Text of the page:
Monster Seminar JAM - Microarray analysis in environmental monitoring
Dr. Nancy Denslow, Department of Physiological Sciences, University of Florida
Microarray technology is a relatively novel tool that can be used as an aid to risk assessment for environmental monitoring. We have developed and used microarrays for largemouth bass to evaluate contaminated field sites. Organochlorine pesticide (OCP) contamination of the north shore of Lake Apopka originated with agricultural practices in the muck farms which received multiple yearly applications of high concentrations of DDT, methoxychlor, dieldrin, toxaphene, chlordane, among others. While this practice ended in the 1970's, sediments are still highly contaminated and have resulted in bird mortality and poor fish reproduction. To study the role of sediment contamination on reproductive success, largemouth bass were introduced into a mesocosm built in the contaminated area for 3 months and developed tissue burdens up to 20 parts per million (by wet weight) and altered gene expression patterns by microarray analysis. We have evaluated a large number of physiological and molecular endpoints to study individual effects of p,p-DDE, methoxychlor (MXC), dieldrin (DIEL) and toxaphene (TOX) in largemouth bass administered the OCPs in their diets to achieve similar body burdens. Each of these OCPs activates distinct biochemical pathways that lead to dysfunction of reproduction at different points in the HPG axis. P,p-DDE and MXC act both as antiandrogens and estrogens in gene expression experiments, with p,p-DDE functioning as a stronger antiandrogen of the two. DIEL appeared to have minimal impact on sex hormone regulated pathways, but instead was more active in the brain, affecting genes and proteins normally associated with Parkinson's disease, Alzheimer's, DNA damage, inflammation, among others. TOX exposure also produced a unique expression pattern. The model compound ethinyl estradiol (EE2) appeared to be bio-concentrated from the diet and gene expression patterns varied widely with dose applied. Changes in gonadal histology after exposure in the feeding study suggest major alterations to the reproductive system. We also examined ex vivo gonadal steroidogenesis for all the test compounds, and found that exposure to EE2 lowered E2 synthesis in females, but not in males. In vivo TOX, p,p-DDE, MXC or EE2 exposure in males prevented increased testosterone synthesis in response to gonadotropin stimulation. Ex vivo MXC and TOX exposure caused concentration-dependent decreases in basal and stimulated estradiol synthesis, respectively. These studies begin to explain the biochemical basis for the complex changes seen in the field and are a first step at understanding the effects of mixtures of OCPs on fish reproduction.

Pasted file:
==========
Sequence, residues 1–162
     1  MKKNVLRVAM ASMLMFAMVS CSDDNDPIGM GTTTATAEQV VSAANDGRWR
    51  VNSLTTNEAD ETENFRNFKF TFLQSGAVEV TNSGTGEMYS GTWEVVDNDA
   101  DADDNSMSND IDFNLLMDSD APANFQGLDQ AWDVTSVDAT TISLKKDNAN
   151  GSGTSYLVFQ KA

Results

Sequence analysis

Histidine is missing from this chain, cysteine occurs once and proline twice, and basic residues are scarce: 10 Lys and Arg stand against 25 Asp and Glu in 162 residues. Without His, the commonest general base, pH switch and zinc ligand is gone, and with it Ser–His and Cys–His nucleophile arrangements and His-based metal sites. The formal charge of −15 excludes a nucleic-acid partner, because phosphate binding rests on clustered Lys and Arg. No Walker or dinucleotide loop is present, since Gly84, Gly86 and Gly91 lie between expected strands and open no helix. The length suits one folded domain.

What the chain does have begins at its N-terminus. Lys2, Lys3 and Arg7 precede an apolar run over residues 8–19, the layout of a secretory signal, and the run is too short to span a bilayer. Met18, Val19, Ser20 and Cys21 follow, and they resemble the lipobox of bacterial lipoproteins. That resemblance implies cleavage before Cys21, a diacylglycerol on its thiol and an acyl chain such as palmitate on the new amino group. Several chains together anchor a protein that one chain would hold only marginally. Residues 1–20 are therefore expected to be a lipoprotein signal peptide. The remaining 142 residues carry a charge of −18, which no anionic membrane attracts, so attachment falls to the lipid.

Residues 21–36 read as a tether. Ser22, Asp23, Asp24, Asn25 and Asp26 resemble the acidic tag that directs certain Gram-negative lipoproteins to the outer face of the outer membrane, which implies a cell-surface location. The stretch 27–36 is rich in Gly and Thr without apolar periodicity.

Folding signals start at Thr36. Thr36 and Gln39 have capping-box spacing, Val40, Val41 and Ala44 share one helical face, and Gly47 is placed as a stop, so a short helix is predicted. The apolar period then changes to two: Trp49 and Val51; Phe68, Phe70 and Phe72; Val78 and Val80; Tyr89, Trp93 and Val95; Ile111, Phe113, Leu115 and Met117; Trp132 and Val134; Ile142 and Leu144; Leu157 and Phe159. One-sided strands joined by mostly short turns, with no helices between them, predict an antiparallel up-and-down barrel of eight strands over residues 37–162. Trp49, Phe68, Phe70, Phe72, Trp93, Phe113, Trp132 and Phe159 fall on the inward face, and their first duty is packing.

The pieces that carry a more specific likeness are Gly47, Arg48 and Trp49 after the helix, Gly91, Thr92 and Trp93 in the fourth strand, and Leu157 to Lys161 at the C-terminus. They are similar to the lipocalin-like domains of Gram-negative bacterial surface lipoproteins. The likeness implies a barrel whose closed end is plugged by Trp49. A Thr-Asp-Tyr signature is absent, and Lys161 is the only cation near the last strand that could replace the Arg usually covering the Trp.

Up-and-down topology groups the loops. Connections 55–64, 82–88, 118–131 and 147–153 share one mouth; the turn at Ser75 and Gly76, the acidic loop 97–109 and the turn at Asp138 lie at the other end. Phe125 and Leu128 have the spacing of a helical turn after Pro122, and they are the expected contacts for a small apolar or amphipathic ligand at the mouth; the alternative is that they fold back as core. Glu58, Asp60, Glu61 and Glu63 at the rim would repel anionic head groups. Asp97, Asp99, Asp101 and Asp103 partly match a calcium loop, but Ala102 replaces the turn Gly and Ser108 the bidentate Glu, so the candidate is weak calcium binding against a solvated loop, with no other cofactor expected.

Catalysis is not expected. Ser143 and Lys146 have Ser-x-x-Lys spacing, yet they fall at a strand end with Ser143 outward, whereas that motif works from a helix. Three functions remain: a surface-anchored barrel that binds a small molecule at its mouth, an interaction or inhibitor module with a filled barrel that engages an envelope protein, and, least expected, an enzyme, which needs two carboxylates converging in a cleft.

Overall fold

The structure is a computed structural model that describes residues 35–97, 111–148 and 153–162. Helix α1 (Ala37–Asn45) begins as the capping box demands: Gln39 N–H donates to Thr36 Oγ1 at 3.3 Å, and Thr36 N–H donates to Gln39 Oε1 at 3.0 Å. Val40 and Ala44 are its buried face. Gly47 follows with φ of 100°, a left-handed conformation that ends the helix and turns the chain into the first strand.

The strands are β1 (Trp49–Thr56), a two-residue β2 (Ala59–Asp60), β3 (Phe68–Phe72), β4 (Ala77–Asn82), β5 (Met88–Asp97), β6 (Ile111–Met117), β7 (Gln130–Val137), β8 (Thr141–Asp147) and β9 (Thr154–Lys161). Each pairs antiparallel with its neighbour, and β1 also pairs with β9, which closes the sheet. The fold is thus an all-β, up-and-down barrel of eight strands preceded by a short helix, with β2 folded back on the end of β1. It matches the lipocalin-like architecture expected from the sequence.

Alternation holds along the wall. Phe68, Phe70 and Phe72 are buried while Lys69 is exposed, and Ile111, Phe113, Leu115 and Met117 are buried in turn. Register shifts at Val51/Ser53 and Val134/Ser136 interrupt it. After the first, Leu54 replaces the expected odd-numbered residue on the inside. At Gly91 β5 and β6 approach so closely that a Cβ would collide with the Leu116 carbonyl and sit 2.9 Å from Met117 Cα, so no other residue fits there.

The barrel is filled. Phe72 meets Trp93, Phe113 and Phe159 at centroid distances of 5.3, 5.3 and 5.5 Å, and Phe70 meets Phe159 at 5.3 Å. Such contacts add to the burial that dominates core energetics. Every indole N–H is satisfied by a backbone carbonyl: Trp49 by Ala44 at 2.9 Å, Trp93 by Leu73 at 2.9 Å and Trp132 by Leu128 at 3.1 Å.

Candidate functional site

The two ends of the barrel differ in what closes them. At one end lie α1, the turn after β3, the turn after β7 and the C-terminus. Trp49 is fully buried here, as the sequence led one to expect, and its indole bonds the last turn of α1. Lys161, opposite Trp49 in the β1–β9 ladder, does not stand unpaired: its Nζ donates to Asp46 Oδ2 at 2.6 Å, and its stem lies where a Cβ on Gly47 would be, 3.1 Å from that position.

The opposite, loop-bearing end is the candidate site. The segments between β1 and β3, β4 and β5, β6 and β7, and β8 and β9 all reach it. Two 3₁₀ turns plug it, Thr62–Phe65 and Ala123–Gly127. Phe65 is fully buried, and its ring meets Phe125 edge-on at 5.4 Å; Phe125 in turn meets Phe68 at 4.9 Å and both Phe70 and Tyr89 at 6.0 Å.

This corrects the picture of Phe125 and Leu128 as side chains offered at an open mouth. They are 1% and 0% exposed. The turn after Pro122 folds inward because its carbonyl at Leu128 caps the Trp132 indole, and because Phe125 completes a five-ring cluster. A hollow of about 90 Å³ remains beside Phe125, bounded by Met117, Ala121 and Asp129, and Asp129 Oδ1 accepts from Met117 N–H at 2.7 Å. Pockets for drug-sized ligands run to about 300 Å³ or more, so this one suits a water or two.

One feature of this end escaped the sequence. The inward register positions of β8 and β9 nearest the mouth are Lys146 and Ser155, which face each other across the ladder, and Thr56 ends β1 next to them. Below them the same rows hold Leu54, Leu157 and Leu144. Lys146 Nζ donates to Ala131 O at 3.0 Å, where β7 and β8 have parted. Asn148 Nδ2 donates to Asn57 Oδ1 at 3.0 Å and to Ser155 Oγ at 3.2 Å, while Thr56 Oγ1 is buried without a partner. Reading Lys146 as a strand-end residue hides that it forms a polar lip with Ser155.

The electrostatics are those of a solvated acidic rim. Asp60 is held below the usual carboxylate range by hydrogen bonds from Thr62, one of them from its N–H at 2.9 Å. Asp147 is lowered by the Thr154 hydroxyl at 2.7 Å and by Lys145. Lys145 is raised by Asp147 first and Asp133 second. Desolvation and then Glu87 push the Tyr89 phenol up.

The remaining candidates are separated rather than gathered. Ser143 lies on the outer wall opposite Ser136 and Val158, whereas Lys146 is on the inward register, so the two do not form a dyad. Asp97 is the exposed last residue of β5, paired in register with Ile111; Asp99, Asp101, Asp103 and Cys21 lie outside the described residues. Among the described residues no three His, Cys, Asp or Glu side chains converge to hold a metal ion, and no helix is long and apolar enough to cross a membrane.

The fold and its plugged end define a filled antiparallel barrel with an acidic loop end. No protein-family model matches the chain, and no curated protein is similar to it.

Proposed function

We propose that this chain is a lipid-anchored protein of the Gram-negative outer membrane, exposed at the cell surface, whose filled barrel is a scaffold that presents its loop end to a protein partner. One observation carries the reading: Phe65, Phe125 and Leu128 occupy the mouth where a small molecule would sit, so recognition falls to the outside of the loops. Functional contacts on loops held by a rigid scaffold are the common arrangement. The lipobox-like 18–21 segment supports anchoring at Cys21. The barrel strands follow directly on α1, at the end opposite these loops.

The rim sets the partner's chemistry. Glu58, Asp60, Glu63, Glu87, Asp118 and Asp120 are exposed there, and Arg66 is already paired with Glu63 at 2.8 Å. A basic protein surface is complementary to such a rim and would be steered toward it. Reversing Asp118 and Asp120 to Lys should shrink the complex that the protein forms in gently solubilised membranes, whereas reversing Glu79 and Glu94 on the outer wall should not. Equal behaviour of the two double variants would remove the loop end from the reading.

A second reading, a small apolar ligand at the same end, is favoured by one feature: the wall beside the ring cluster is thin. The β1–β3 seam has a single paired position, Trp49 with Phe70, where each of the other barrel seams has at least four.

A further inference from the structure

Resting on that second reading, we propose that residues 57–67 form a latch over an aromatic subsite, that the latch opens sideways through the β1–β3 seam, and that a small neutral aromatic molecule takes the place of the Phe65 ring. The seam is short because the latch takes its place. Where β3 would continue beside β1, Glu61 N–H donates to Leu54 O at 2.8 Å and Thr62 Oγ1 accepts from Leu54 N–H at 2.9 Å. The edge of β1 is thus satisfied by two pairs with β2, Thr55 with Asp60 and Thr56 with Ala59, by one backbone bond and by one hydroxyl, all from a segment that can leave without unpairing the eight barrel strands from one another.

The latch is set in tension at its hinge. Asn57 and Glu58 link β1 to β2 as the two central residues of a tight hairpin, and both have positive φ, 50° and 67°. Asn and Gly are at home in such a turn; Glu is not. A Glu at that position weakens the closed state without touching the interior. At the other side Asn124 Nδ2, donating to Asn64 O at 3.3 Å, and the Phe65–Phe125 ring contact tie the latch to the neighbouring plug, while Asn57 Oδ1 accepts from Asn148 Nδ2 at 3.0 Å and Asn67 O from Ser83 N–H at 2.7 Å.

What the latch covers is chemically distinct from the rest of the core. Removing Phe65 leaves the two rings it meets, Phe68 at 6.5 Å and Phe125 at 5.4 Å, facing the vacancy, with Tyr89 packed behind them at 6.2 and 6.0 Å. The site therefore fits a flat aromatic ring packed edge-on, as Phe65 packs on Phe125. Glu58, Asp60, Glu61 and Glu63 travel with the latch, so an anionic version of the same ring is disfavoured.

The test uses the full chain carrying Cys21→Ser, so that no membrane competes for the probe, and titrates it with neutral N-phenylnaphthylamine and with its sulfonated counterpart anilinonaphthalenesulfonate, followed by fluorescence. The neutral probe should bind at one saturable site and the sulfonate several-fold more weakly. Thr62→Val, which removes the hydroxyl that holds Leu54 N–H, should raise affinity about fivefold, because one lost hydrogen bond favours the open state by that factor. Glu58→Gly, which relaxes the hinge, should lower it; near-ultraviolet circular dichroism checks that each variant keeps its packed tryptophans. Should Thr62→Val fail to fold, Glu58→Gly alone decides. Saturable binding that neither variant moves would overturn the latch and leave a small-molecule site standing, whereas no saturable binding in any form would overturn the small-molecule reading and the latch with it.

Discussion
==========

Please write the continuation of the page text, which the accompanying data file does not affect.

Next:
Date and Time:
February 17, 2011,
11:00 am - 12:00 pm